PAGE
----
• Exploring the cultural, religious and political landscape of multicultural London through visits to relevant government departments, other dialogue NGOs, places of worship and areas of particular historical/cultural interest. The 2011 placement included visits to the Department for Communities and Local Government, the Home Office and the Foreign and Commonwealth Office, a historical tour of East London and visits to a Gurdwara, a Buddhist Centre and a Synagogue.
• Keeping records of the placement and producing a reflective diary.

•    Examination of taught modules will be by written coursework and assessment of tutorial performance only (no written examinations)
The work placement will be assessed on:
•    Attendance
•    Performance and management of assigned tasks
•    The student’s written plans and records
•    The student’s placement diary
•    Students demonstrating an outstanding level of work will receive their degree with distinction.

SPIRE offers a limited number of bursaries to postgraduate students. Details are available on SPIRE’s website.

The Dialogue Society offers a limited number of bursaries for the Dialogue Studies MA postgraduate degree. The bursary only covers the difference between overseas and home fee rate. Effectively therefore, successful students will only pay University fee at home fee rate. To apply for a Dialogue Society bursary, students must first receive an offer from Keele University for this degree.

Further information
For further information please visit:




‘Human Herbs’ – a new remix and new video by Cold Hands & Quarter Moon:

‘Stagnant’ – a new remix and new video by Cold Hands & Quarter Moon:  

‘Cheerful Sin’ – a song by Victor Rikowski:


Posted here by Glenn Rikowski

The Flow of Ideas:

MySpace Profile:

Cold Hands & Quarter Moon:

Rikowski Point:


Glenn Rikowski on Facebook at:

Glenn Rikowski’s MySpace Blog:



Now available at:

Volume 9 Number 1 2011 

ISSN 1478-2103
The Council of Europe’s White Paper on Intercultural Dialogue


Tina Besley & Michael A. Peters. Introduction. Interculturalism, Ethnocentrism and Dialogue

Michalinos Zembylas & Vivienne Bozalek. The Council of Europe’s White Paper on Intercultural Dialogue: an analysis using the ethic of care

Peter Murphy. The Paradox of Dialogue

J. Gregory Keller. Dialogue as Moral Paradigm: paths toward intercultural transformation

Francesca Gobbo. Ethnographic Research in Multicultural Educational Contexts as a Contribution to Intercultural Dialogue

Naomi Hodgson. Dialogue and Its Conditions: the construction of European citizenship

John Igbino. Intercultural Dialogue: cultural dialogues of equals or cultural dialogues of unequals?

Evelin G. Lindner, Linda M. Hartling & Ulrich Spalthoff. Human Dignity and Humiliation Studies: a global network advancing dignity through dialogue

James Arthur. Intercultural versus Interreligious Dialogue in a Pluralist Europe

Driss Habti. Reason and Revelation for an Averroist Pursuit of Convivencia and Intercultural Dialogue

Monica E. Mincu, Maurizio Allasia & Francesca Pia. Uneven Equity and Italian Interculturalism(s)

Danielle Zay. A Cooperative School Model to Promote Intercultural Dialogue between Citizens-to-Be

Nina L. Dulabaum. A Pedagogy for Global Understanding – intercultural dialogue: from theory to practice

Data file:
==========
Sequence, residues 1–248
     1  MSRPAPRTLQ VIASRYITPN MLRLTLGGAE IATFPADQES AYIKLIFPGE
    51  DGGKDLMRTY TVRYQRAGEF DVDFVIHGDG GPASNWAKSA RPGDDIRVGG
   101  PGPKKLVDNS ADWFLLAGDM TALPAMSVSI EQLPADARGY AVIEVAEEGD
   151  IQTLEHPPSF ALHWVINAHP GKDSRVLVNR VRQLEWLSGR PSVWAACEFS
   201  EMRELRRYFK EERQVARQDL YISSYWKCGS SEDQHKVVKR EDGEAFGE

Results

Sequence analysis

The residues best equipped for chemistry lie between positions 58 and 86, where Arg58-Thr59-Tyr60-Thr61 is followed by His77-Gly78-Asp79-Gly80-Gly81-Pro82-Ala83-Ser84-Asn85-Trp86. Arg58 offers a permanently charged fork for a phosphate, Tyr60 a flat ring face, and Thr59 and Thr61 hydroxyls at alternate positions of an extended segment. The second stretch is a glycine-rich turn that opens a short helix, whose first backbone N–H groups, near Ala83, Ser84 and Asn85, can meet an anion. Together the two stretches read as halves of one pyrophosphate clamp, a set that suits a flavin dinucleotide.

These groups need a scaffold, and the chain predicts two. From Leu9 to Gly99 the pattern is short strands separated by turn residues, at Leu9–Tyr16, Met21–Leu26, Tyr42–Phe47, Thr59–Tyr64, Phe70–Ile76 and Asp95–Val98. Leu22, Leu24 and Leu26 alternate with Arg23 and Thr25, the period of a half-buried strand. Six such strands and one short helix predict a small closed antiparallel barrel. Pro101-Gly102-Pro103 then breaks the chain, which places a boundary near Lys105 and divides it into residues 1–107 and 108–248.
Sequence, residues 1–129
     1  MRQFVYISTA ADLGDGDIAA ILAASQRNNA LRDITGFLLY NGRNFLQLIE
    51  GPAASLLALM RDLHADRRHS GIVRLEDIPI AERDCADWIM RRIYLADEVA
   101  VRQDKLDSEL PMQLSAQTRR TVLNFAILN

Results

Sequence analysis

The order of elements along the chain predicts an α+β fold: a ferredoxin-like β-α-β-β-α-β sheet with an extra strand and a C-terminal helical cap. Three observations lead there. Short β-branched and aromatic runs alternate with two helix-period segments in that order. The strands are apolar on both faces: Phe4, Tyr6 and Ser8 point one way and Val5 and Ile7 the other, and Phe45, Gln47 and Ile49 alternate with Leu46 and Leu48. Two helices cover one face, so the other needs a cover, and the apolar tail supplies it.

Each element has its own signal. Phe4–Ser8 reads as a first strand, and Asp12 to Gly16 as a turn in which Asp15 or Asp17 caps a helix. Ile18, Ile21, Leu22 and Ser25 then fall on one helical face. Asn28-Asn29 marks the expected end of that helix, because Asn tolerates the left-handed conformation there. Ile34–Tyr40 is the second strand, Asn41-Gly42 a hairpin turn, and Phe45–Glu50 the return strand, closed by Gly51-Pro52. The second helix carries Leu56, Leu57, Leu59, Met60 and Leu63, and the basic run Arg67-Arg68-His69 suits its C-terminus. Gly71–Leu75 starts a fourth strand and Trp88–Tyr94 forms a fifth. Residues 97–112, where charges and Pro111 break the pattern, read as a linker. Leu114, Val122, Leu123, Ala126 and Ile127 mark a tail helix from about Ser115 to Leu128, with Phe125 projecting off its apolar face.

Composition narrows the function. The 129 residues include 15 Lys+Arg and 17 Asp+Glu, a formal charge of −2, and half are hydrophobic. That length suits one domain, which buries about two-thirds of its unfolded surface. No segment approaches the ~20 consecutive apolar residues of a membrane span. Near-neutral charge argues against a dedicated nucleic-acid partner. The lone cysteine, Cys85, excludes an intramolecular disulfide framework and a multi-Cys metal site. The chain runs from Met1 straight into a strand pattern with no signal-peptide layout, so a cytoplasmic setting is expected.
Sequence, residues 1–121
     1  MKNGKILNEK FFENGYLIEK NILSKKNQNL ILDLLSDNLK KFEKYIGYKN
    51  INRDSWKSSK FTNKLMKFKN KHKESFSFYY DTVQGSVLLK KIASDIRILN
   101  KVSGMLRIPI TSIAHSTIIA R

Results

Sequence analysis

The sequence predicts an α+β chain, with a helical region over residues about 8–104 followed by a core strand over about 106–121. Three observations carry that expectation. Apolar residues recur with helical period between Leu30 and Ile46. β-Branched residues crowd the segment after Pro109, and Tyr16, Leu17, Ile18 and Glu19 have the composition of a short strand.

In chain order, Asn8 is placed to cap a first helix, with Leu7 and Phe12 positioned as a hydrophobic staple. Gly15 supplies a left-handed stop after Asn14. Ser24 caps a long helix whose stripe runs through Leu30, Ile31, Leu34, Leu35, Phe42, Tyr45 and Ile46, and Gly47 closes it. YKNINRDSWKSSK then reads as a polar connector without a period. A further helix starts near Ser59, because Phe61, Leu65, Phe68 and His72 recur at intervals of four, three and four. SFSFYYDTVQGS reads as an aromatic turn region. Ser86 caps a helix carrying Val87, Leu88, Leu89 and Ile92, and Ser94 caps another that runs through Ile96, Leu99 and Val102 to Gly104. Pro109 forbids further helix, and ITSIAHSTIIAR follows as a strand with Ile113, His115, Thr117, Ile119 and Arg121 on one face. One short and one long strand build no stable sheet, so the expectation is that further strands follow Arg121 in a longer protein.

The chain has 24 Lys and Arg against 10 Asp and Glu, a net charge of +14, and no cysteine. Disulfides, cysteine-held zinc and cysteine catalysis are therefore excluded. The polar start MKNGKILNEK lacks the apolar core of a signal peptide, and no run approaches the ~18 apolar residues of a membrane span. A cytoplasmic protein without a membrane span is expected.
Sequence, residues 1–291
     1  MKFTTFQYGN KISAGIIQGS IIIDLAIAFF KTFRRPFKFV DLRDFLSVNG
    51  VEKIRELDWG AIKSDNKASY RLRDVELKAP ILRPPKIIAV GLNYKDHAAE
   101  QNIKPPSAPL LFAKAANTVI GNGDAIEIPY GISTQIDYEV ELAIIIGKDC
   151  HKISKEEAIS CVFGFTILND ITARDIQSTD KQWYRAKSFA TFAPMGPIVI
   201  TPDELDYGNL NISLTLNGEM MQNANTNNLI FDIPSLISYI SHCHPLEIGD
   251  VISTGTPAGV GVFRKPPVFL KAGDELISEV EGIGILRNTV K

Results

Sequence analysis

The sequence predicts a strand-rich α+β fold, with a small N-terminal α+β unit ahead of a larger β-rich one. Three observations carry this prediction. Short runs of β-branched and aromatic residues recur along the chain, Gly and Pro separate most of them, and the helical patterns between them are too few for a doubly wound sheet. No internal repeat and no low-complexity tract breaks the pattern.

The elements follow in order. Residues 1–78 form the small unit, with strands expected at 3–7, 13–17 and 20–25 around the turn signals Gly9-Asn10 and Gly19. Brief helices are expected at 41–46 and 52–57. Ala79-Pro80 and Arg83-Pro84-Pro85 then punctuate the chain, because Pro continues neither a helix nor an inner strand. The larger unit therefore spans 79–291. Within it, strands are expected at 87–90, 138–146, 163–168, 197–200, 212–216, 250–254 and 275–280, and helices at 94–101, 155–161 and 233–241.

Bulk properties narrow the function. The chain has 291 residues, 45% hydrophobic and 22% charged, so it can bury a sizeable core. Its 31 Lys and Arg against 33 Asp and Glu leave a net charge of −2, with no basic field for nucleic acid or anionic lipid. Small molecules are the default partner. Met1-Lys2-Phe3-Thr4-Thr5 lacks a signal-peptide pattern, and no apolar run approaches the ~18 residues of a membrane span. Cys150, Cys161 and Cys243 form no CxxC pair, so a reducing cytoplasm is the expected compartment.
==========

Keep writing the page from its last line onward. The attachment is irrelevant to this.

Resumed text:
Roxana Enache. Possible Orientations of the European Dimension in Romanian Educational Policy

Ineta Luka. Fostering Intercultural Dialogue in Tourism Studies

Robert K. Shaw. The Nature of Democratic Decision Making and the Democratic Panacea

Julie Allan. Responsibly Competent: teaching, ethics and diversity

Inna Semetsky. Becoming-Other: developing the ethics of integration
Access to the full texts of current articles is restricted to those who have a Personal subscription, or those whose institution has a Library subscription. However, all articles become free-to-view 18 months after publication.

PERSONAL SUBSCRIPTION (single user access). Subscription to the 2011 issues (this includes full access to ALL BACK NUMBERS) is available to individuals at a cost of US$54.00. Personal subscriptions also include automatic free access to ALL PAST ISSUES. If you wish to subscribe you may do so immediately at

LIBRARY SUBSCRIPTION (institution-wide access). If you are working within an institution that maintains a Library, please urge them to purchase a Library subscription so access is provided throughout your institution; full details for libraries can be found at

For all editorial matters, including articles offered for publication, please contact Professor Michael A. Peters (

In the event of problems concerning a subscription, or difficulty in gaining access to the journal articles, please contact the publishers at

Glenn Rikowski and Ruth Rikowski have a number of articles in Policy Futures in Education. These are:

Rikowski, Ruth (2003) Value – the Life Blood of Capitalism: knowledge is the current key, Policy Futures in Education, Vol.1 No.1, pp.160-178:

Rikowski, Glenn (2004) Marx and the Education of the Future, Policy Futures in Education, Vol.2 Nos. 3 & 4, pp.565-577, online at:

Rikowski, Ruth (2006) A Marxist Analysis of the World Trade Organisation’s Agreement on Trade-Related Aspects of Intellectual Property Rights, Policy Futures in Education, Vol.4 No.4:

Rikowski, Ruth (2008) Review Essay: ‘On Marx: An introduction to the revolutionary intellect of Karl Marx’, by Paula Allman, Policy Futures in Education, Vol.6 No.5, pp.653-661:

Posted here by Glenn Rikowski

All that is Solid for Glenn Rikowski:

The Flow of Ideas:

MySpace Profile:

Cold Hands & Quarter Moon at MySpace:

The Ockress:

Karl Marx


Central London, Thursday 11th to Sunday 14th November*

Call for Papers

Submission and Abstract Deadline: 1 June 2010